When it comes to drugs, school programs have learned that a zero tolerance drug stance does not effectively dissuade young people from using illegal or non-prescribed substances. Within the past decade, most US schools have pivoted to a curriculum focused on communication and better decision-making, which so far has yielded positive results, though there is still a rising number of teen deaths by narcotics, opioids, and pain killers in US. Chatbots could emulate this conversational approach, offering factual information as well as being a sparring partner with which young people could practice the responses and dialogues they learn in school.

A new type of education tool

Without adequate support in sex and drug education, teenagers are forced to seek their own answers. But there is a stigma attached to seeking this sort of information publicly. The most effective counselor in the world—whether a parent or professional—cannot help someone who is too ashamed of their body, desires, and habits to seek help.

That’s where bots can come in. Bzz is a Dutch chatbot created precisely to answer questions about drugs and sex. When surveyed teens were asked to compare Bzz to finding answers online or calling a hotline, Bzz won. Teens could get their answers faster with Bzz than searching on their own, and they saw their conversations with the bot as more confidential because no human was involved and no tell-tale evidence was left in a search history.

Furthermore, bots are getting smarter and more sensitive every day. SARA, an AI assistant currently under development at Carnegie Mellon University’s ArticuLab, is learning human rapport, such as how to pick up on social cues and use those cues to inform her responses. If you disclose something personal, she’ll gather that she can drop the formalities. If you tease her, she may decide it’s okay to playfully tease you back. This means that we will one day have bots that can deliver reliable information on sex and drugs in a tone geared to the needs of the person seeking advice.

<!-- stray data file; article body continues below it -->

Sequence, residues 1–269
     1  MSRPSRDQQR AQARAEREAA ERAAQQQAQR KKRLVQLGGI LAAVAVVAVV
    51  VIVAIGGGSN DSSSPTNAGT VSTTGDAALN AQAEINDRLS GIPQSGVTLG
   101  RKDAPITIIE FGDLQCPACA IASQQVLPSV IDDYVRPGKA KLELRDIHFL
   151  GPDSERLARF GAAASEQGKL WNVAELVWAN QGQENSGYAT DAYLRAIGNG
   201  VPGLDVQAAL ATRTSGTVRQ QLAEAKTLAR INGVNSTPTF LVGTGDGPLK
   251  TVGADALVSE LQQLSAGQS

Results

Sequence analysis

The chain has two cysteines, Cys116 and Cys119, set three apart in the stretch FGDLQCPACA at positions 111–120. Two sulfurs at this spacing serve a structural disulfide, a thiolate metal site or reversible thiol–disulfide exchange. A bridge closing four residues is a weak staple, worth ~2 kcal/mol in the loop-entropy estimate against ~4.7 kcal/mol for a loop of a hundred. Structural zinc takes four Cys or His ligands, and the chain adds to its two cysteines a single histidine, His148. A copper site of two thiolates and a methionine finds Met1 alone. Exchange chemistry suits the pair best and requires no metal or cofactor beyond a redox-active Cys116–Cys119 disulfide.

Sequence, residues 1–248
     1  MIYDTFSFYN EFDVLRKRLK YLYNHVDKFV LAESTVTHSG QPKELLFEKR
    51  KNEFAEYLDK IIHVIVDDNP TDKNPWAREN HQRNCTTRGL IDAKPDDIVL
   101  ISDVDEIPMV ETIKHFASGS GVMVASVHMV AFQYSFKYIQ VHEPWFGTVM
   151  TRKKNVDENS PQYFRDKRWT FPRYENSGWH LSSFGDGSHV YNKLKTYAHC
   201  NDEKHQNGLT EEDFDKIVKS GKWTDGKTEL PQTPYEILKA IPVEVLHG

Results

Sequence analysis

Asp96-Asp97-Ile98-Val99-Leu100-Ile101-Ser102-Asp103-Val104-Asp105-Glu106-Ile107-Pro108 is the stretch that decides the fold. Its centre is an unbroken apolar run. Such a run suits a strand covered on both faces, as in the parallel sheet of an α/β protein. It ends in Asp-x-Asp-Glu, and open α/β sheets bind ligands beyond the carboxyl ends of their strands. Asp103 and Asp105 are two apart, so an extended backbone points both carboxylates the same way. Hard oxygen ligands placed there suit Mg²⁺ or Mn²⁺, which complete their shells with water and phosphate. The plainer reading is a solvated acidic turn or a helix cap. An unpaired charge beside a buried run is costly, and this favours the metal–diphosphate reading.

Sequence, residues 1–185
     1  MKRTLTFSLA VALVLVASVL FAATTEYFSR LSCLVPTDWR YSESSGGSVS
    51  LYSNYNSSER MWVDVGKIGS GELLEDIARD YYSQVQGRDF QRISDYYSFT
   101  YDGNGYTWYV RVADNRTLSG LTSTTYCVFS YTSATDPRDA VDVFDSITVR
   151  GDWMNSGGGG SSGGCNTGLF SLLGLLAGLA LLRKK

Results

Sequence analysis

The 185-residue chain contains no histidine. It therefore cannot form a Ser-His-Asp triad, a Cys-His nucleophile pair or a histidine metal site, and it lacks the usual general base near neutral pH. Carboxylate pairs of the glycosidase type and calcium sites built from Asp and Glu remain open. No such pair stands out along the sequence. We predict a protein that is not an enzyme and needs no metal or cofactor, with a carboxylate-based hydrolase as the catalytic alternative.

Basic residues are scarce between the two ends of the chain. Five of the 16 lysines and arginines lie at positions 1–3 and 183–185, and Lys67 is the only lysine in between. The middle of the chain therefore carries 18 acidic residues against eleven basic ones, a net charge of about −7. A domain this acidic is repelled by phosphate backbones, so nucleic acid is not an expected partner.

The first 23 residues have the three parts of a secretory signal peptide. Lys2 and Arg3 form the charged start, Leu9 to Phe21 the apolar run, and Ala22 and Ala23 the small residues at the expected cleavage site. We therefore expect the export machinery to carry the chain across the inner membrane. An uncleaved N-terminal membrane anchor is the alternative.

The good, the bad, and the bot

Because chatbots can efficiently gain trust and convince people to confide personal and illicit information in them, the ethical obligations of such bots are critical, but still ambiguous. Teachers and therapists are legally obligated to contact the appropriate authorities if they’re made aware of any student or client’s intent to cause harm. Should bots follow the same rules? Should they use disclaimers about certain information? As chatbots are still so new, these types of questions remain unanswered by official jurisdiction. Laws pertaining to new technology always lag behind the development of the technology itself.

Bots will also need to abide by advertising regulations. For example, a bot could influence your buying decisions or feed your information to companies for profit by targeting your vulnerabilities. Imagine a bot sensing that you’re feeling down and then showing you a pop-up ad for chocolate—nonetheless prescription medication. Why, thank you, Bot. That was so sweet of you! (Or was it?)

An organization called the Friends of Chatbot Coalition (FCC) has formed to unite developers around bot-related issues, such as privacy and the potential for exploitation. Actions under consideration include instating a “do no harm” policy for bots, similar to the vow taken by doctors. The FCC is aware that certain regulations, such as wiretapping, will need to be adjusted for chatbots, and is working on petitions to get the process started. Until the laws are implemented, however, the responsibility lies in the hands of the companies and developers who make chatbots.

The more seamless communication with bots becomes, the more readily we’ll bond with them. But don’t let that creep you out. As with most technology, exploitation is a risk, not an inevitability. Chatbots still reflect the people who make them; chatbots that are designed to provide care are an extension of human caring. In the case of teenagers who need drug or sex counseling—or any other communities in which seeking help is sometimes shameful—a bot may be a viable helper.

You can follow Doug on Twitter at @freshdigitalgrp. Learn how to write for Quartz Ideas. We welcome your comments at ideas@qz.com.